Table of Contents
For me, the purpose of a password manager backup is to be able to restore my vault by myself at any given time.
Bitwarden allows to you export your Vault with an Encrypted export. However this export is encrypted with your account encryption key. This can be uselful on some cases, but for me it’s a red flag as you are encrypting with an encryption key you do not hold. You can only restore this data if your restore it to your bitwarden account AND your account encryption key has not changed. So if for example, bitwarden.com is blocked or has an issue you won’t be able to decrypt your backup.
You can also export your vault protected by a password, but I haven’t found any process to decrypt this file offline either (they may be one, but doesn’t seem to be docummented).
So the only way I see to really own your backup copy, meaning that you can actually read it without anybodys help is to export it unencrypted and then encrypted yourself with a key you control. I use my gpg account:
# To encrypt
gpg --recipient firstname.lastname@example.org --encrypt bitwarden_export_20230907111009.json
# To decrypt
Warning: Keep into account that Vault exports do not include file attachments, items in the trash, password history, or Sends.
So on my case, I keep 3 backups of my account that protect me from difference things:
- One encrypted with my account encryption key (which will work as long as bitwarden.com is working ok and there has been no change in my account encryption key).
- One backup encrypted with my gpg key (which will work as long as I have my gpg key).
- I have Emergency access enabled to a trusted contact, in case something happens to me or the two previous backups fail.
Backup your two-step login
If you protect your password manager (Bitwarden or other) with a two-step login (which you should) you run into another dilemma…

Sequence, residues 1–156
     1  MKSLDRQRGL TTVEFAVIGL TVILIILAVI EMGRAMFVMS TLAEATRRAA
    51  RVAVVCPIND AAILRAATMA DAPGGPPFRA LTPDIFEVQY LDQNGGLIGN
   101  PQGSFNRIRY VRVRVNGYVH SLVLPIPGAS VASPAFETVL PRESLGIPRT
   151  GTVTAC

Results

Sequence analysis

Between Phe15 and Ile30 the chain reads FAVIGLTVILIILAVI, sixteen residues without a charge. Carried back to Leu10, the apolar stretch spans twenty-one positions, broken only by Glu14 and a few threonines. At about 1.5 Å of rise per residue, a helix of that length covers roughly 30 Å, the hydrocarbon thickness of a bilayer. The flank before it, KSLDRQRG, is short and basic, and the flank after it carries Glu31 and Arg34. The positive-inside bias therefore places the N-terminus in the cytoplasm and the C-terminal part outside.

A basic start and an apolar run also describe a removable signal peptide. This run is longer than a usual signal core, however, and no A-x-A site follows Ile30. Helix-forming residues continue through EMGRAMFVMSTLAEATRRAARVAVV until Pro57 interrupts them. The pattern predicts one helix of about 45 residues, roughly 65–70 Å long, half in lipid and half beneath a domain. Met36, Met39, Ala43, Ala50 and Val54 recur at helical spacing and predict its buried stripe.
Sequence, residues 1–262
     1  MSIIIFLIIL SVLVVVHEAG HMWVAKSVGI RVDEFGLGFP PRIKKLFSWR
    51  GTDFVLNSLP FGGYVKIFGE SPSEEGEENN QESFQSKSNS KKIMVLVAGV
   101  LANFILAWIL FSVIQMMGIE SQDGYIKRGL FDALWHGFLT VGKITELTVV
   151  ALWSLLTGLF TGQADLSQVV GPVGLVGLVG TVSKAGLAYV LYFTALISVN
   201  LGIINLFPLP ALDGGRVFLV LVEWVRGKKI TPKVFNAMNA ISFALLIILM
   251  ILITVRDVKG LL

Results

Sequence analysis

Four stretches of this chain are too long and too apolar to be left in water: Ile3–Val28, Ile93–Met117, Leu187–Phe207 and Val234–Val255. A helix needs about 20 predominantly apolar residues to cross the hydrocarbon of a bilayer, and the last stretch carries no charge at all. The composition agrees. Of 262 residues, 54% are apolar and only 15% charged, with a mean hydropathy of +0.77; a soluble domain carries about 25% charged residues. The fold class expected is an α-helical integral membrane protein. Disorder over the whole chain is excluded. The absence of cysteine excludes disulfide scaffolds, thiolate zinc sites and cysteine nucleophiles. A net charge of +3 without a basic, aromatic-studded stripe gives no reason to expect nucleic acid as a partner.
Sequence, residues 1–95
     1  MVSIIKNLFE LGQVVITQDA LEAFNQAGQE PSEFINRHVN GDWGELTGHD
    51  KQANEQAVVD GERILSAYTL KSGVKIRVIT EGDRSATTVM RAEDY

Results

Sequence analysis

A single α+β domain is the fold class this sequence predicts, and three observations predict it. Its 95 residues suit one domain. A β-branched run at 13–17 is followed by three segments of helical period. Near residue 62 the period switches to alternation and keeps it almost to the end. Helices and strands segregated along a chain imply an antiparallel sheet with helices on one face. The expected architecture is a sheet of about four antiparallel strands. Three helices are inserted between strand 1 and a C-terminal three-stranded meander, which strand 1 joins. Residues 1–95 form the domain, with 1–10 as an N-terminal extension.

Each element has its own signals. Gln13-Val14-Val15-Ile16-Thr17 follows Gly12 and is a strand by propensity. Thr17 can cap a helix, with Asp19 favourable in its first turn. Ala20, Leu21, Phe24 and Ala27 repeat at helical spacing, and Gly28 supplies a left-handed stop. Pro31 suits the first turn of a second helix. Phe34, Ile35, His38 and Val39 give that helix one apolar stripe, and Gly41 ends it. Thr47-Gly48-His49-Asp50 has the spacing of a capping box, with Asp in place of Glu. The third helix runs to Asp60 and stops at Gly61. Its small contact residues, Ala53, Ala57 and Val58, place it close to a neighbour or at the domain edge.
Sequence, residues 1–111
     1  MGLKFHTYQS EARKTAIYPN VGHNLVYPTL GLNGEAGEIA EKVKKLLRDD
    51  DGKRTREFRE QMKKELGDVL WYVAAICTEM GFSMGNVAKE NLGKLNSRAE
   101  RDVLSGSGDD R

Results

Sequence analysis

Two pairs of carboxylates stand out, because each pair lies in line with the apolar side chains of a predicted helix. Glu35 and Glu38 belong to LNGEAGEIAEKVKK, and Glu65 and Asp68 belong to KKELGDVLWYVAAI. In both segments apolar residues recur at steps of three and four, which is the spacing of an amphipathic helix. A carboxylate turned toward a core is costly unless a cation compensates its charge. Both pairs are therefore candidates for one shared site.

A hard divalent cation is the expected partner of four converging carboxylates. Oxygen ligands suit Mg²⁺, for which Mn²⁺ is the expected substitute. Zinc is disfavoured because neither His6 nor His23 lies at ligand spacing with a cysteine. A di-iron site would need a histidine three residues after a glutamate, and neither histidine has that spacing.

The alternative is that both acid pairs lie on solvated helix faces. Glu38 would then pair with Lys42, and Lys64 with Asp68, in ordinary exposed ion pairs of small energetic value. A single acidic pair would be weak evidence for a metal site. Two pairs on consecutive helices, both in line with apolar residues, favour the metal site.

If you store your TOTP codes (the 6 digit code that changes every 30 seconds) in your password manager, where do you store the codes used to access your password manager in the first place?
For this I use two independent solutions:
- Store my Authenticator key somewhere safe
TOTPs are simply passwords that change every 30 seconds, based on another password, sometimes called Authenticator key. So you can simply keep the Authenticator key of your password manager in a safe place (this includes paper in a safe box) or an encrypted file somewhere and then use oathtool.
For some time I used andOTP to store the TOTP of my password manager. It’s a nice Android App that can store your TOTPs and encrypt them using GPG. However this project is no longer maintained.
A better alternative for me now has been oathtool, which can be easily installed on most Linux distros with:
sudo apt install oathtool
Then with one command you can generate the TOTP whenever you need it:
oathtool --base32 --totp GEZDGNBVGY3TQOJQGEZDGNBVGY3TQOJQ
Warning: The following command will also work and output a number but a different one! So make sure you add the
oathtool --base32 GEZDGNBVGY3TQOJQGEZDGNBVGY3TQOJQ
Also note that running this command will enter the Authenticator key in you command history. Not super critical as there is no reference to what website or service this key belongs to, and not to worry if you are using a safe environment, but just keep it in mind. If this bothers you, you can easily delete the command from your history editing
~/.zsh_history (if you use zsh) or
~/.bash_history (if you use bash).
You can have more than one two-step login process enabled. So I also ave a Yubikey enabled in my bitwarden account. This yubikey I don’t use it daily as it find it less convenient but it is stored in a safe place as a backup.
Yubikey are pieces of hardware and as such they can get corrupted or break without warning. So I would never trust them to hold my only access to any service but I feel comfortable enough for a backup. Keep in mind that you can also link up to 5 Yubikey’s to your Bitwarden account.